Our country’s recent economic downturn all but eviscerated the development of high-end building projects. Financial institutions and lenders began avoiding risky investments, as opportunities for monetary compensation grew thin. However, new trends within the real estate industry have encouraged the development of riskier projects. Thanks in part to a resurgence of “so-called” opportunity real estate funds; developers are once again finding themselves able to construct elaborate, high-cost establishments.
Otherwise known as private-equity funds, opportunity real estate funds specialize in those transactions synonymous with high risk/high reward. They provide developers the opportunity to build elaborate buildings with the potential for huge returns. Through their acquisition, investors are able to facilitate the development of half-empty office buildings, distressed properties burdened by debt, or high priced construction projects requiring the help of excessive funds.
Opportunity real estate funds all but disappeared during the recession, as their source (big pension funds) was already compromised from previous transgressions. Investors simply couldn’t afford to take the risks associated with such lavish spending.
The California Public Employees’ Retirement System is a perfect example of the risk associated with such a fund. Recognized as the largest U.S. public fund with a net worth of $263 billion, this company provides retirement and health benefits to more than 1.6 million public employees, retirees, and their families. However, the economic downturn resulted in a loss of approximately $10 billion for the organization between July 2008 and June 2009.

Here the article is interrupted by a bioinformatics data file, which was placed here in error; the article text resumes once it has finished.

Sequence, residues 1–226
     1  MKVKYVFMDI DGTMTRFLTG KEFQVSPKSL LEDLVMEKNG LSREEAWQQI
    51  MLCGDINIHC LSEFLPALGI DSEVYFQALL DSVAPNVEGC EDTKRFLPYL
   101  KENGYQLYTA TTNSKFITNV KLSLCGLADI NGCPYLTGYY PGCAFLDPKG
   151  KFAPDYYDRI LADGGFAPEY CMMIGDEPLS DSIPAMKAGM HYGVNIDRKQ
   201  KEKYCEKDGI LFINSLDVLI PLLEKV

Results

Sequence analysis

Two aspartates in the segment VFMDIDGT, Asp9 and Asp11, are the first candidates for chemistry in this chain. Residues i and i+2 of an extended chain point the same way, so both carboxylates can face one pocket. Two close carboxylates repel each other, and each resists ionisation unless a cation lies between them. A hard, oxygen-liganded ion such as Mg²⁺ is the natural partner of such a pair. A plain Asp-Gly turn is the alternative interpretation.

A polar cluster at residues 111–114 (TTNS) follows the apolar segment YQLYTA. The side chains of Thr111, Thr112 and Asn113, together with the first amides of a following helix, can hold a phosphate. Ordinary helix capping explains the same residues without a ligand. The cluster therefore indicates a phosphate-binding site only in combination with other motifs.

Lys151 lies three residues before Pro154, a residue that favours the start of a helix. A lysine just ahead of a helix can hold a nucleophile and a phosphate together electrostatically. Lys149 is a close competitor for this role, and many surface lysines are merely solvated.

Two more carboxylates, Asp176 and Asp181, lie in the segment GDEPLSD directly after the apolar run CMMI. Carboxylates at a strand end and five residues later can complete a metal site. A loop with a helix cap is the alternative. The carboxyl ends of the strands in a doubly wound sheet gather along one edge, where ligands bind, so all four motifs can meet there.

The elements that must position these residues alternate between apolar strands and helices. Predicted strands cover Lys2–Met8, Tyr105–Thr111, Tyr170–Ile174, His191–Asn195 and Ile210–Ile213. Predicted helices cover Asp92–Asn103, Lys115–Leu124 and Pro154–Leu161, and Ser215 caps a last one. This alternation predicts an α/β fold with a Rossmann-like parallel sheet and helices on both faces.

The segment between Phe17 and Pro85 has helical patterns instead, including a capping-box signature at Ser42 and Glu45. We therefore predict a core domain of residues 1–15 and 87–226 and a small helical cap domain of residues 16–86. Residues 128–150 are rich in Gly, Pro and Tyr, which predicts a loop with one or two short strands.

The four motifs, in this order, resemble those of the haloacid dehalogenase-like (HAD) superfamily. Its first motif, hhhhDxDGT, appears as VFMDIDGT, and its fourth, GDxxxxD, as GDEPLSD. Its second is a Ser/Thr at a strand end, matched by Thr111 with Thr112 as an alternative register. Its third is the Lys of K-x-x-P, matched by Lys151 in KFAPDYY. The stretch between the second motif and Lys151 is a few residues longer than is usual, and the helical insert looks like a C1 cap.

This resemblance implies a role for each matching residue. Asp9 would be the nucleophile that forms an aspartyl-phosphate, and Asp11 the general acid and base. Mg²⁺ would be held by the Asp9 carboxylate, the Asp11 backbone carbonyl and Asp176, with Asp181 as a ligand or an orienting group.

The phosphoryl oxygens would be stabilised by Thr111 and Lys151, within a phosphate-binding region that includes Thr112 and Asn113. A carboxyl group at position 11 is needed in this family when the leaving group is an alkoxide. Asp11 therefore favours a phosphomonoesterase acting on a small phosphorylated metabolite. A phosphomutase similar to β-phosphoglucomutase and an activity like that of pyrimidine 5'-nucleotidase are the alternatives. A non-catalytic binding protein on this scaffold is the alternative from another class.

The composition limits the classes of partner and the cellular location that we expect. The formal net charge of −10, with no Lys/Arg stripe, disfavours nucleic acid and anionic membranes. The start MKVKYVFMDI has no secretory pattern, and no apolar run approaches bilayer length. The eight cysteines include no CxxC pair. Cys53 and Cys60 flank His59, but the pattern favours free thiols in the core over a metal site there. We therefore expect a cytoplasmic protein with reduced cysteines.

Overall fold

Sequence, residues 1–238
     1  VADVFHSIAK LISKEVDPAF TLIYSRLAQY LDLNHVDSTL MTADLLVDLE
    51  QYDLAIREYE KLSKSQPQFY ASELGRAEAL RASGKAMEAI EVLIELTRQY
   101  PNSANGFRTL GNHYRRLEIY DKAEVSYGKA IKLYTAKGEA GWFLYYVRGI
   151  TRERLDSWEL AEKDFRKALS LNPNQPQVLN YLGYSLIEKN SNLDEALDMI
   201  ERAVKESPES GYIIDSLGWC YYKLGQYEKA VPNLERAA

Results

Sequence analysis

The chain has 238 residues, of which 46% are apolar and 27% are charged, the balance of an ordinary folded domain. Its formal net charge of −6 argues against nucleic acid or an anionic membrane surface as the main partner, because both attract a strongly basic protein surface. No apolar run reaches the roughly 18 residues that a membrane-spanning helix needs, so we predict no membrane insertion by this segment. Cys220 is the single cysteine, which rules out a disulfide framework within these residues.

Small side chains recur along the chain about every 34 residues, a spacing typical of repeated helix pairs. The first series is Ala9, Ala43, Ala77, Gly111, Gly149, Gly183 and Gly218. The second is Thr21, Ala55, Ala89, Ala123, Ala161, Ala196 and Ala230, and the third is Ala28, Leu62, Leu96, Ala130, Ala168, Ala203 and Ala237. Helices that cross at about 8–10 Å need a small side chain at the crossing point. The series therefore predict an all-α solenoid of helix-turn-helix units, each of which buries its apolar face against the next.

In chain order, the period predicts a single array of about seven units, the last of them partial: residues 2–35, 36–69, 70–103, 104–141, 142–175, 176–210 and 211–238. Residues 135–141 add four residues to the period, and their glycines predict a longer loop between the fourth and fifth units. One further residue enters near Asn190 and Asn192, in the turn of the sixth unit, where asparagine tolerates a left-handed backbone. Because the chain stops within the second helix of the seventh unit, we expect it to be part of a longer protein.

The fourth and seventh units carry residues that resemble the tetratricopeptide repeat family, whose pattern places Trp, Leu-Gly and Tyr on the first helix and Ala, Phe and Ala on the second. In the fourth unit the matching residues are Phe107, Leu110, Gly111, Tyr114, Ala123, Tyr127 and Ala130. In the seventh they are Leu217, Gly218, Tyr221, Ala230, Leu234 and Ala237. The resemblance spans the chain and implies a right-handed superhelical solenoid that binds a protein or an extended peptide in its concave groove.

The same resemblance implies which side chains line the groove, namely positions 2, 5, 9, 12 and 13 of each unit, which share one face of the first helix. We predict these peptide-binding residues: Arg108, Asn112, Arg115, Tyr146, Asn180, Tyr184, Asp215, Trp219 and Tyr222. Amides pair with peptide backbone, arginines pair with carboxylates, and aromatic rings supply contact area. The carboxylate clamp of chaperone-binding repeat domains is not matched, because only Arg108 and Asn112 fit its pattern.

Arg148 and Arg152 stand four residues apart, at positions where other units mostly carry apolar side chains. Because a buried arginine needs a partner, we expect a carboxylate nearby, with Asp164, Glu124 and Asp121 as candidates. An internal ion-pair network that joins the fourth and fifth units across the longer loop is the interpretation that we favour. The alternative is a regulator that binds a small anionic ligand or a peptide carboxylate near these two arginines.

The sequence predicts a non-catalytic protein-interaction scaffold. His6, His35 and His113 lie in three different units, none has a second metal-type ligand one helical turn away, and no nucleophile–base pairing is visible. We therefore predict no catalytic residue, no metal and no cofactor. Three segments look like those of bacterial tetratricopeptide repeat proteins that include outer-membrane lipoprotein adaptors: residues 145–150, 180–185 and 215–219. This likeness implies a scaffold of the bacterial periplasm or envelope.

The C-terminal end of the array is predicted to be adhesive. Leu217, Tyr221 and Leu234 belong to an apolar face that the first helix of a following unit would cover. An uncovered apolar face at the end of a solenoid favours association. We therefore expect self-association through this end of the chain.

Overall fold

In light of the recession, a majority of pension funds avoided risky investments. They began to focus their efforts on safe, well-leased properties in flourishing markets. However, the shift from risk mitigation to stable property investment proved more difficult than originally anticipated. Investors were finding it hard to generate returns in excess of liabilities.
Trends are now witnessing a revitalization of opportunity real estate funds.
With what appears to be the worst behind us, pension funds are attempting to make a comeback. At a time when interest rates are at record lows, investors are trying to reestablish opportunity real estate funds to take advantage of potentially lucrative deals. Low interest rates have been projected to provide investors with annual returns as high as 20 percent.
“Many prices have fallen quite a bit, so there’s now a lot of opportunity,” says Edward Schwartz, a principal at real-estate consultant ORG Portfolio Management.
According to Preqin, the next year will see approximately half of all pension funds and other large investors allocating to real estate expect to commit their assets to opportunity funds.